After sixty years of continuous use, primaquine remains the only therapy licensed for arresting transmission and relapse of malaria. The US Army developed primaquine for soldiers in a wartime crisis setting. Dosing strategies suited to that narrow population were adopted without modification or validation for the broader population of humans exposed to risk of malaria. The poor suitability of these strategies in populations exhibiting greater vulnerability to hemolytic toxicity among glucose-6-phosphate dehydrogenase deficient patients has not been addressed. Primaquine requires chemotherapeutic reinvention delivering less threatening doses by leveraging unexplored co-drug synergies.
The Mongol invasion of Eastern Europe, and especially its sudden withdrawal from Hungary in 1242 CE, has generated much speculation and an array of controversial theories. None of them, however, considered multifaceted environmental drivers and the coupled analysis of historical reports and natural archives. Here we investigate annually resolved, absolutely dated and spatially explicit paleoclimatic evidence between 1230 and 1250 CE. Documentary sources and tree-ring chronologies reveal warm and dry summers from 1238-1241, followed by cold and wet conditions in early-1242. Marshy terrain across the Hungarian plain most likely reduced pastureland and decreased mobility, as well as the military effectiveness of the Mongol cavalry, while despoliation and depopulation ostensibly contributed to widespread famine. These circumstances arguably contributed to the determination of the Mongols to abandon Hungary and return to Russia. While overcoming deterministic and reductionist arguments, our ‘environmental hypothesis’ demonstrates the importance of minor climatic fluctuations on major historical events.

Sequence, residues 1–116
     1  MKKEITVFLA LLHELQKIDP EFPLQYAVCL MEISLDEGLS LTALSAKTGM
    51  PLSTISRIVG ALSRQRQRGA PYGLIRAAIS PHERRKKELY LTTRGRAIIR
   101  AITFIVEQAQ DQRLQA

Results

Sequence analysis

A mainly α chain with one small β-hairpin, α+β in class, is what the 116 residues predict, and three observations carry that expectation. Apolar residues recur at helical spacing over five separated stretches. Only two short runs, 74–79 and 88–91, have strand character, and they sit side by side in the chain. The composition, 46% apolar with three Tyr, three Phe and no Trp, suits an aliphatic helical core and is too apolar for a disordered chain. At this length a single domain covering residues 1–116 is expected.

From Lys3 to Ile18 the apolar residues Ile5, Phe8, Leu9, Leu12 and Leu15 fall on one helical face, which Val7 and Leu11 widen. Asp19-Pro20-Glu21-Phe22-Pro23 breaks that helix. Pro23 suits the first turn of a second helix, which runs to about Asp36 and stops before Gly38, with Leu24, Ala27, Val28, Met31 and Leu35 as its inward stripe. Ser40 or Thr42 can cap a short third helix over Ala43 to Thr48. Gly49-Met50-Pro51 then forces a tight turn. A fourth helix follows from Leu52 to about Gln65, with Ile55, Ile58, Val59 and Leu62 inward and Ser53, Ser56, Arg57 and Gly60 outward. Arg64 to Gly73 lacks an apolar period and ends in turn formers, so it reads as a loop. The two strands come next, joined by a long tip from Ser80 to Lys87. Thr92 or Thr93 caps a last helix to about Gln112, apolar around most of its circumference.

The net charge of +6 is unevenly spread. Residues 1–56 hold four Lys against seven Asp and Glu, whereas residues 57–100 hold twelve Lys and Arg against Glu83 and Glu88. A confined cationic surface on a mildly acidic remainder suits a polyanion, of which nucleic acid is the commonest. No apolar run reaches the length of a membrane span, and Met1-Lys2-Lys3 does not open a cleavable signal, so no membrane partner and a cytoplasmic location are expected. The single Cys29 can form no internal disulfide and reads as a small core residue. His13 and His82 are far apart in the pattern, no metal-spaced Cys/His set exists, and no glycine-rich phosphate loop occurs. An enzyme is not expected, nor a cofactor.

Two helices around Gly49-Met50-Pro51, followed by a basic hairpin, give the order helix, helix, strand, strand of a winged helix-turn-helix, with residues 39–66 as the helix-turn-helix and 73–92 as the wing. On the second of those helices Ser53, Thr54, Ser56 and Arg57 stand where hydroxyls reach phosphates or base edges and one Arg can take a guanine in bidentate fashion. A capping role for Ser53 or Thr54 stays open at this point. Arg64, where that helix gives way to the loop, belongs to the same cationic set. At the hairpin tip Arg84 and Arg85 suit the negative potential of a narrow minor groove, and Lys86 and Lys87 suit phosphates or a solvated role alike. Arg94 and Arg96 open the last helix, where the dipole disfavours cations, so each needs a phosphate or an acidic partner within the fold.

Contemporary accounts of battles are often incomplete or even erroneous because they reflect the-often biased-viewpoints of the authors. Battlefield archaeology faces the task of compiling an historical analysis of a battle and of gathering all the available facts. Besides cultural historical evidence and artefacts, the human remains of those who have fallen in battle also provide invaluable information. In studying mass graves from a military context, the injury types and patterns are significant. They allow us to reconstruct the circumstances surrounding the soldiers' deaths and provide information on the hostilities that occurred on the battlefield. One such mass grave was discovered in 2011 at Lützen, Saxony-Anhalt (Germany). Based on its geographical location and on the results obtained from archaeological examinations carried out in the area, the grave could be dated to the Thirty Years War (1618-1648). Further archaeological research confirmed that the dead had been soldiers from the Battle of Lützen (1632). The mass grave was block-lifted and then comprehensively examined at the State Museum of Prehistory in Halle (Saale). As well as osteological examinations to determine age, sex, height, state of health, i.e. diseases or injuries, imaging methods were also employed and histological and isotopic analyses carried out. The focus of this study was on the injuries sustained by the soldiers both prior to and during the battle. The results revealed that the 47 deceased had been between the ages of 15 and 50 when they died. Numerous healed injuries showed that the men had often been involved in violent encounters. Approximately three in every four soldiers had injuries that could have been fatal. Wounds inflicted by handguns, particularly to the skull, were predominant. The integrative analysis of the archaeological and anthropological data allowed us to conclude that the majority had been killed during a cavalry attack.
Respiratory protective masks are used whenever it is too costly or impractical to remove airborne contamination from the atmosphere. Respirators are used in a wide range of occupations, form the military to medicine. Respirators have been found to interfere with many physiological and psychological aspects of task performance at levels from resting to maximum exertion. Many of these limitations have been investigated in order to determine quantitatively how much performance decrement can be expected from different levels of respirator properties. The entire system, including respirator and wearer interactions, must be considered when evaluating wearer performances. This information can help respirator designers to determine trade-offs or managers to plan to compensate for reduced productivity of wearers.